How I Am Promoting English-Language Acquisition Amonst Latino Immigrants

Presidential candidate Barack Obama recently said “Instead of worrying about whether immigrants can learn English, you need to make sure your child can speak Spanish.” He’s been criticized for that comment, but I agree with him. As I’ve found, having to put up with gringo efforts at Spanish (like mine) encourages Latino immigrants to pull out and practice their English much better than speaking English does.

For several months now, the local day laborers, the night janitor in Peter’s office building, the strawberry man, and my neighbors and their friends have had their social skills tested by my Spanish, which came from an aborted series of lessons with Auralog, a library book called Spanish for Gringos (without the audio portion), and children’s television shows. Guess what?! Everyone realized their English, as limited as it may be, was worlds better than my Spanish, and they had nothing to be embarrassed about. Soon we were communicating just fine, and I learned some salsa dance steps to boot.

In fact, at times, their English may be even more understandable than mine. For instance, I can never get the pronounciation of nut names right. Is it k-SHOE, or CASH-oo; PEE-can, or P-kawn? No matter what I say, people don’t know what I’m talking about. A native Spanish speaker speaking English, however, will say “thees nut, it ees the nut from Brazeel,” or “thees nut, eet comes from Texas.” Charming and comprehensible, so why speak Spanish?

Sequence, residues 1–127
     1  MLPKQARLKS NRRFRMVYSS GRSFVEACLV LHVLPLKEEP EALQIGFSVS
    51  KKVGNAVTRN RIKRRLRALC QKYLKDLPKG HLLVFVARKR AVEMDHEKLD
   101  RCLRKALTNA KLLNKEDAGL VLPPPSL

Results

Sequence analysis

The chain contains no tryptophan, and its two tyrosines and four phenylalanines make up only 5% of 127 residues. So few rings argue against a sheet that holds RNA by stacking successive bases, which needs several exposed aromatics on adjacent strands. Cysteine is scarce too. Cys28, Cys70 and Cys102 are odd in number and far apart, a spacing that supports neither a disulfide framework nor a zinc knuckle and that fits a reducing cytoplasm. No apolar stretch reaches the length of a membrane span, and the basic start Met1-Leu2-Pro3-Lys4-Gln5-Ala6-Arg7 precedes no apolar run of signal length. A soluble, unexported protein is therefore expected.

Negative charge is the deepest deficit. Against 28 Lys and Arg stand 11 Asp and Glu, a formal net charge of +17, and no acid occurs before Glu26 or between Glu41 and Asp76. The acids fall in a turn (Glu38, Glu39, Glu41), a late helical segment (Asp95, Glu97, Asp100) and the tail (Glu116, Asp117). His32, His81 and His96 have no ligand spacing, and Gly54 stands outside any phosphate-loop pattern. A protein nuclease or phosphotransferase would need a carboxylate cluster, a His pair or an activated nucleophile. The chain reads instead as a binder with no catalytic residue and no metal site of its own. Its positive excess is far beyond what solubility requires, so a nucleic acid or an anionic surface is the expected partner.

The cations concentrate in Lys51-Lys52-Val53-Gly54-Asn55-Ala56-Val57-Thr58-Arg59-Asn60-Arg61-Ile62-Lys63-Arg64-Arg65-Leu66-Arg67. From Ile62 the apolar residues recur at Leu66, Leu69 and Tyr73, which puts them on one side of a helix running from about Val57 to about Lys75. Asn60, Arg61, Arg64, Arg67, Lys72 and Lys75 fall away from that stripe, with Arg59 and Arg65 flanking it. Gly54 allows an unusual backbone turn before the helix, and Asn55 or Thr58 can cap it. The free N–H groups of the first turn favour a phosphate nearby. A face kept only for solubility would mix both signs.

Most Americans (at least here in the West) have had some Spanish in high school, but won’t speak it, because they know it’s so awful. But honestly, fellow Americans, pull that near-forgotten knowledge out and spring it on some unsuspecting day laborer when he least expects it! Barack Obama is right: speak Spanish! That’ll teach the immigrants how important it is to speak English in America; it’s the only thing that will save their beautiful language from horrible abuse.

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